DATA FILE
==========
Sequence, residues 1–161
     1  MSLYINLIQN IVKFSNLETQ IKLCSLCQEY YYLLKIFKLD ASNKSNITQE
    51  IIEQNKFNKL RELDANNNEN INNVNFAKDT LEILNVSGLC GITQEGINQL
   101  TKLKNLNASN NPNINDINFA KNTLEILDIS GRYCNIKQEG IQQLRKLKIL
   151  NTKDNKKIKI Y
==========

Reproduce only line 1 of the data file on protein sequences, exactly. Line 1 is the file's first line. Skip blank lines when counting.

Sequence, residues 1–161